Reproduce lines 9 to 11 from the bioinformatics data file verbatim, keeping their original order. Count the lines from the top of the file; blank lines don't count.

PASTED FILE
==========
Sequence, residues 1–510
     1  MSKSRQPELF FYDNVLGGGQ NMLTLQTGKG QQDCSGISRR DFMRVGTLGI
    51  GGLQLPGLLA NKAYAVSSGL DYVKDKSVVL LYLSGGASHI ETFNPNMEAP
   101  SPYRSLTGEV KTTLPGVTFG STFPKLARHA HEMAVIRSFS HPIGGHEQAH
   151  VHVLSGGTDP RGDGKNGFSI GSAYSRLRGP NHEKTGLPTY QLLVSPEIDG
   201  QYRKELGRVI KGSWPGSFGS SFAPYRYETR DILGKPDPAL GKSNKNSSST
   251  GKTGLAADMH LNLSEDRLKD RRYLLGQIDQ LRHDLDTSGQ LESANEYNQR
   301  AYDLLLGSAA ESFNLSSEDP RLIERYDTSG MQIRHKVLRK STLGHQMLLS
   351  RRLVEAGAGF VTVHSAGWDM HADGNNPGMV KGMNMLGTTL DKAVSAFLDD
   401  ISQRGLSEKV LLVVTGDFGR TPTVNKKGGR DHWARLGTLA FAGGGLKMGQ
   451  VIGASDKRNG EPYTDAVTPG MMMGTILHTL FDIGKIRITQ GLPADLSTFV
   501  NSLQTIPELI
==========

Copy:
   351  RRLVEAGAGF VTVHSAGWDM HADGNNPGMV KGMNMLGTTL DKAVSAFLDD
   401  ISQRGLSEKV LLVVTGDFGR TPTVNKKGGR DHWARLGTLA FAGGGLKMGQ
   451  VIGASDKRNG EPYTDAVTPG MMMGTILHTL FDIGKIRITQ GLPADLSTFV